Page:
The dirty, earthy patchouli gives this an edge, but it is really anchored in those underlying wood notes which bring an earthy, masculine, woody foundation to the whole perfume. Strong oak, aromatic cedar and the earthy, almost pine tree-like bitterness of the balsam tree make this a scent that is definitely not foody. Plus, it has that Hermès signature in its final stages that is dry. “Dry” in the sense that it’s not sweet, moist, crisp but… dry. It’s almost hard to explain. I’ve heard it time and time again about Hermès fragrances and, after having gone back to smell all mine (as well as my father’s colognes), I can definitely agree. But it’s a bit like Porn as defined by one of the Supreme Court Justices: you may not be able to explain what it is, but you know it when you see it.

The famous perfume reviewer, Luca Turin, supposedly called the Elixir “bon chic, bon genre” and said that its dry-down was “enchanting.” (See a comment from “Lisa.M.Kasper” on Fragrantica, here.) (I don’t have his book, so I’m taking her word for it.) She agrees with Turin, as do I. It absolutely is “bon chic, bon genre” which is a French phrase to describe someone in the “now,” who is chic, stylish and hip. And, yes, the dry-down absolutely is enchanting. It’s all majestic, big, dark bitter tree (almost like a pine tree at times), mixed with peppery incense, smoke, sweetness and spice and just a remaining hint of orange wrapped in dark chocolate.  It’s so unusual that it’s just… baffling…. at times.

If Hermès’ 24 Faubourg was Princess Diana’s signature scent, then this belongs to someone else. I’m tempted to say Audrey Hepburn: sophisticated under a sweet, gamine appearance but not a child. Warm and sexy, but not overtly sexy like Brigitte Bardot. Casual in appearance (no Princess Diana tiaras and dresses here) but always stylish. And with a definitely aloof side under that initial impression of warm approachability.

The Elixir has been called “bi-polar” and I think that is a perfect description for it. It really is bi-polar. How else to explain these enormous extremes? It has also been called extremely masculine. To the point that there are a lot of complaints on Fragrantica, wishing they could like this scent but it’s so masculine. I don’t know when woody or spicy scents became masculine but I don’t consider this one. Nor, for that matter, do I consider it feminine. It is most definitely unisex, and the failure to label it as such is nothing more than a huge mistake in my opinion! I have to wonder if those who find it so masculine went into it expecting an orange dessert or a fruit cocktail scent. If so, then yes, by their standards, I suppose that green pine tree and cedar make it “masculine”. (If you could only hear my audible sniff at that.)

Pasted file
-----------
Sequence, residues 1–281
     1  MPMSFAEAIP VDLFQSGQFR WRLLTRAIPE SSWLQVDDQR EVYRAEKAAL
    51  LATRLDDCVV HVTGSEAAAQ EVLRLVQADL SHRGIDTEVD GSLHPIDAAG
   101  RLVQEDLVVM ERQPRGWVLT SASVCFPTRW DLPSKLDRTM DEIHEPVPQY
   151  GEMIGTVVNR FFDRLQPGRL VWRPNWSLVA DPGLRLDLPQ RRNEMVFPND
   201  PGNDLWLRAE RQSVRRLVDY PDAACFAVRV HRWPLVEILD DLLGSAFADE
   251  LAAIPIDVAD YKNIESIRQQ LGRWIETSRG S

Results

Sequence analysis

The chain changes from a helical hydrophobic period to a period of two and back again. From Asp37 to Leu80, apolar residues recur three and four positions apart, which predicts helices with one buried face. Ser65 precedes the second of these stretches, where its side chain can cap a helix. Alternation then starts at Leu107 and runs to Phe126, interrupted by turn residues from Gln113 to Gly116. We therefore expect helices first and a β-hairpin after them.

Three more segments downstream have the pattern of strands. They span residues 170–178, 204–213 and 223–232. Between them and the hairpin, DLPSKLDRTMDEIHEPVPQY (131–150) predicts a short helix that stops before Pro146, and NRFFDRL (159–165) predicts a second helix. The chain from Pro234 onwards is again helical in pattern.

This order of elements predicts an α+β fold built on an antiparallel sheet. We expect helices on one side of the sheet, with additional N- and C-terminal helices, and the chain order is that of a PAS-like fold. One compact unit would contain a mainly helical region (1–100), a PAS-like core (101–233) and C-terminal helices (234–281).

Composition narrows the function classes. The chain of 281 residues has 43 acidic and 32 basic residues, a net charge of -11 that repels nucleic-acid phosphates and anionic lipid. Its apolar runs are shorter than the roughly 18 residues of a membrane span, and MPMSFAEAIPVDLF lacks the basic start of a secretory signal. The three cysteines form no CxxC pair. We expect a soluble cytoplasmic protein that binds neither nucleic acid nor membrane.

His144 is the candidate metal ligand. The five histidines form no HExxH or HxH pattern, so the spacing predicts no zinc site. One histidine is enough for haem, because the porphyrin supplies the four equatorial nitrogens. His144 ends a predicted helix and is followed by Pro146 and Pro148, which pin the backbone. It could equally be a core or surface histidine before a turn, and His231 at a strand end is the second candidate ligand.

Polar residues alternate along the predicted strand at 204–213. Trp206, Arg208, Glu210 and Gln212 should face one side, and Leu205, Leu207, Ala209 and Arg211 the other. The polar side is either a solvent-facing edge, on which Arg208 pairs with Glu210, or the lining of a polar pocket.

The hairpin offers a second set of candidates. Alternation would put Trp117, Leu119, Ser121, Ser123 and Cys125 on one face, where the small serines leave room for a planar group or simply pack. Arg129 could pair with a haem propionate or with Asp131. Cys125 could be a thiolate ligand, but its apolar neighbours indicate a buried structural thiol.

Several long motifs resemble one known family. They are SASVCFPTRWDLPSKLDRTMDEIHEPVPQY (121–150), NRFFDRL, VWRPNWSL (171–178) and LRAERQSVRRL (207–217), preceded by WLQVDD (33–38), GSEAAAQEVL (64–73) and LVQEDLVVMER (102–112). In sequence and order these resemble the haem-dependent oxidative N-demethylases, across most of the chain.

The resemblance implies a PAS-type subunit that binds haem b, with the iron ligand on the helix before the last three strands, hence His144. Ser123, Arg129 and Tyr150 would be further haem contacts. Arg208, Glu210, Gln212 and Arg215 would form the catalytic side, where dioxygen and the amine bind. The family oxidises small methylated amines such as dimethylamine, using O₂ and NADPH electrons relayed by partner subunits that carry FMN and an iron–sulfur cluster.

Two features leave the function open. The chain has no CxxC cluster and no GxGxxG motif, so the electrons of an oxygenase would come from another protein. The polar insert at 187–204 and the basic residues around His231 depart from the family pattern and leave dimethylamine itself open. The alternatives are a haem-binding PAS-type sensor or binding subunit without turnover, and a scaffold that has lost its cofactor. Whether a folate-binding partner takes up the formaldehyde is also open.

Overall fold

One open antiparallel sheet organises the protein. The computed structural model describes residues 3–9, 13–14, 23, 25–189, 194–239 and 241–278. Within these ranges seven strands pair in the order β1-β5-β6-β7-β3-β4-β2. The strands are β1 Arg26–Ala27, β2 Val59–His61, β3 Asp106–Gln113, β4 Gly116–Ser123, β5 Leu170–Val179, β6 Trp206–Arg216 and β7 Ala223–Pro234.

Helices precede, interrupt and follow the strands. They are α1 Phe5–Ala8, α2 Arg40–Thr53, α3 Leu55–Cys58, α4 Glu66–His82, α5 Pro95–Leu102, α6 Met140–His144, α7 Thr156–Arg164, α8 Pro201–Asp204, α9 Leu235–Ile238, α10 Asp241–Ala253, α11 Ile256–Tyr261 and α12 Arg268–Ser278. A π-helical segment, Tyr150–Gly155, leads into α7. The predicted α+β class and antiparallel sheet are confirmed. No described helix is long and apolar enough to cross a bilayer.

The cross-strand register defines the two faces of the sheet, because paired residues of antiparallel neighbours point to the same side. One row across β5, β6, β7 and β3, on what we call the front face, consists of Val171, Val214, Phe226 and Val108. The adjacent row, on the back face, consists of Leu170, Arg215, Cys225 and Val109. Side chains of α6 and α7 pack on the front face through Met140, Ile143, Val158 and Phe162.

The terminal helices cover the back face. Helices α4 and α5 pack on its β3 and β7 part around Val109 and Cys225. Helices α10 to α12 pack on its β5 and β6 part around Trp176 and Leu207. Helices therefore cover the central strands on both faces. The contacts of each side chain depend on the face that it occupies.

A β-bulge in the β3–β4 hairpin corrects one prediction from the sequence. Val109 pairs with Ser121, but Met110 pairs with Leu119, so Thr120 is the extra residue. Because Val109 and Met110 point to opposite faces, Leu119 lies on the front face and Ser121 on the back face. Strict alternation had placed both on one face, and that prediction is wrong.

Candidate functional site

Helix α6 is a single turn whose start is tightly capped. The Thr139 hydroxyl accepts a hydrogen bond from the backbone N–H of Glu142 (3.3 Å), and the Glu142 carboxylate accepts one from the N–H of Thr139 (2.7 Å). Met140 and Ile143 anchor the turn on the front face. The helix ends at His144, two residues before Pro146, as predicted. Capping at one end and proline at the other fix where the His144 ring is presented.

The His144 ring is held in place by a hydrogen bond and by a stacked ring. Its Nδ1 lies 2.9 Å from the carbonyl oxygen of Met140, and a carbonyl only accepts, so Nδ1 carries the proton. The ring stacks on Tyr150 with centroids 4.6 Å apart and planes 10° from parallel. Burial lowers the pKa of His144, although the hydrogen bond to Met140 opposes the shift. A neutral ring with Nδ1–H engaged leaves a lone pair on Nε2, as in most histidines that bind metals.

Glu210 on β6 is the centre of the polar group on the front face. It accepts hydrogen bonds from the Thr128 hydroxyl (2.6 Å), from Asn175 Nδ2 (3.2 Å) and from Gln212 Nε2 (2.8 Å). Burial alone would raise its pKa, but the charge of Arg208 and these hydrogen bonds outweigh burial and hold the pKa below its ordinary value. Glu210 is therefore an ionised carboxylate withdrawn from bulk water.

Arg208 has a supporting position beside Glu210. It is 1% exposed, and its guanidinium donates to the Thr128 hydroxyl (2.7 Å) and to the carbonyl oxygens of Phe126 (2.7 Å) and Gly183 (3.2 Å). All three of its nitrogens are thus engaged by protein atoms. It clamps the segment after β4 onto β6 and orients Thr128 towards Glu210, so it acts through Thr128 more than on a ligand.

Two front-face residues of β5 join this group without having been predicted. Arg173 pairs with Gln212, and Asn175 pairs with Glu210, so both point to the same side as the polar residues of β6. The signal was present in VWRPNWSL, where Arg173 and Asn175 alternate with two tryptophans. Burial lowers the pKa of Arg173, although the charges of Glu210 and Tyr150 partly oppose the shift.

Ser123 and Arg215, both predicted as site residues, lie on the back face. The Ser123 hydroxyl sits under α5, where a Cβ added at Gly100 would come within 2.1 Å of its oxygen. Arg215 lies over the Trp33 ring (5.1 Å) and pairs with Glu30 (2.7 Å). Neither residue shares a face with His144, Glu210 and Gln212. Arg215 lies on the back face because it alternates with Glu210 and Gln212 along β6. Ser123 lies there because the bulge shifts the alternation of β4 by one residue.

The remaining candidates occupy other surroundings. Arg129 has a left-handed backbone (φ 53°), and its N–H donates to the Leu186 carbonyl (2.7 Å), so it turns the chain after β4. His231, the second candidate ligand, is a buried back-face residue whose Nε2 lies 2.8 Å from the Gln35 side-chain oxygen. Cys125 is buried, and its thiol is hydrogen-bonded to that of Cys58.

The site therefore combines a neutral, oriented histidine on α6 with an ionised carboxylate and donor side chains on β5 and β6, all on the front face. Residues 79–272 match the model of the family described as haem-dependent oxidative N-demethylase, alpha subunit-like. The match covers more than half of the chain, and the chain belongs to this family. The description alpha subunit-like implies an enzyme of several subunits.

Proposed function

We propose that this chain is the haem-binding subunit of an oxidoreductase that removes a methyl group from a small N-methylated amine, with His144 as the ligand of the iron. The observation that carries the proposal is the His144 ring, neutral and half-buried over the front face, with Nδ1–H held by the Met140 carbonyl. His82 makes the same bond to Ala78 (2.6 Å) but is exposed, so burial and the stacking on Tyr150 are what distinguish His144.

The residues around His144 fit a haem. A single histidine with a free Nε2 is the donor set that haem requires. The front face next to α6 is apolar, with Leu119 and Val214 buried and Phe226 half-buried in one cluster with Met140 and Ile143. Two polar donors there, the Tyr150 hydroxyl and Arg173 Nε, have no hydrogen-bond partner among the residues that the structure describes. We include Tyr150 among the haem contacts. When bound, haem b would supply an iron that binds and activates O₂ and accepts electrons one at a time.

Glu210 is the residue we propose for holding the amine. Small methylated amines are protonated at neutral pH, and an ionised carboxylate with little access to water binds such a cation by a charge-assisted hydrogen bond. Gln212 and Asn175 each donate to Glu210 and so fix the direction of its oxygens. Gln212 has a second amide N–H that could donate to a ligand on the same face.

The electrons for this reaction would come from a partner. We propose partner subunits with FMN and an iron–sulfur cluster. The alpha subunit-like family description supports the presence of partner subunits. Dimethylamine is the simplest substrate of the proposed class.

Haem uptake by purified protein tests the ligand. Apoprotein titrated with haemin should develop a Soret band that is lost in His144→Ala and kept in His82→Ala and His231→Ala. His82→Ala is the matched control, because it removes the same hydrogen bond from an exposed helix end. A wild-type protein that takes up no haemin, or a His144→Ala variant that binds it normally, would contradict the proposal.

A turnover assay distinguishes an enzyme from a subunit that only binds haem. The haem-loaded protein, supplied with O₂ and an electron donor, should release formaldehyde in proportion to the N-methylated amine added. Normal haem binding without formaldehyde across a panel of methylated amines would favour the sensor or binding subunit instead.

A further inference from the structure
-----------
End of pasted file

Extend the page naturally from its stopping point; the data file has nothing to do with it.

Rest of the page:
I should confess that I have a terrible weakness for almost all Hermès fragrances (mens, womens, dogs and horses…. no, I kid. Only the men’s and women’s fragrances), but not all Hermès scents make me whimper and moan as I sniff my arm. 24 Faubourg definitely does. And Parfum d’Hermès used to be one of my signature fragrances, though I have not smelled it as its re-named persona, Rouge d’Hermes. But I dislike Caleche from my childhood memories of it and most definitely have not liked most of the Merveilles flankers. The Merveilles line consists of Eau de Merveilles, the original one from 2004, then the Elixir in 2006, followed by Eau Claire and, recently, the very latest, Ambres de Merveilles.

There is a lot of talk about the Elixir versus the original Eau version. I’ve smelled the latter, but I wasn’t particularly impressed. It’s pleasant and nice, but it would hardly drive me to buy a whole bottle. I smelled the Elixir, and promptly went out and did just that. It has a WOW and a POW that, to me, the Eau version does not. The Eau is fresh, airy, clean and zesty. It’s subtle, less warm, and perhaps more demure. I haven’t tested out the Eau beyond some cursory sniffs and sprays, so I can’t speak as to its dry-down or process of development, but I hear that the Elixir and the Eau become very similar towards the end. And it is said that the Eau also has that typically dry Hermès signature at the end as well.

I don’t think the Elixir is for everyone. If your preference is for light, crisp scents, for florals, or for fresh, natural, understated and unobtrusive scents, then I think you will find the Elixir to be overwhelming and you should stay away. Those of you who fear fruity smells and how they may turn on you, I think you should give this a test run. Because it’s not a true fruit cocktail perfume by any means; that strong woody, resinous foundation forbids it! But for those of you who want to feel like Audrey Hepburn, in her capris and ballet flats with an Hermès scarf wrapped around her, as she quietly strolls through a bookstore in autumnal Paris where the orange leaves have fallen all around and where there is a brisk smell of smoky winter in the air… then this is your fragrance.  Bon chic, bon genre indeed!

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Other Details:
Longevity: ENORMOUS, even on me! I would say it lasts a good 8 hours on me. On someone else, probably 10-14 hrs.
Sillage:  Enormous at first but, on me, it becomes less noticeable about 3-4 hours in. On everyone else, I’d guess it would be pretty big.
Cost: $108 for a 1.6 oz bottle of Eau de Parfum (it does not come in Eau de Toilette); $149 for a 3.3 oz. bottle
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Review: Chanel’s “Coco Noir” Eau de Parfum